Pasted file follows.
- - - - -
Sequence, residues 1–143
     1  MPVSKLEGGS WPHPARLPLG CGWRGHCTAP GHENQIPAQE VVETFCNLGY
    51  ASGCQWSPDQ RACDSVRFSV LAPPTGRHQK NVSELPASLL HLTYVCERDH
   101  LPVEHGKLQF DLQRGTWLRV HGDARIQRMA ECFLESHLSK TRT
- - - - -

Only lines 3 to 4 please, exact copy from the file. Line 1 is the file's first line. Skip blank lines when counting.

    51  ASGCQWSPDQ RACDSVRFSV LAPPTGRHQK NVSELPASLL HLTYVCERDH
   101  LPVEHGKLQF DLQRGTWLRV HGDARIQRMA ECFLESHLSK TRT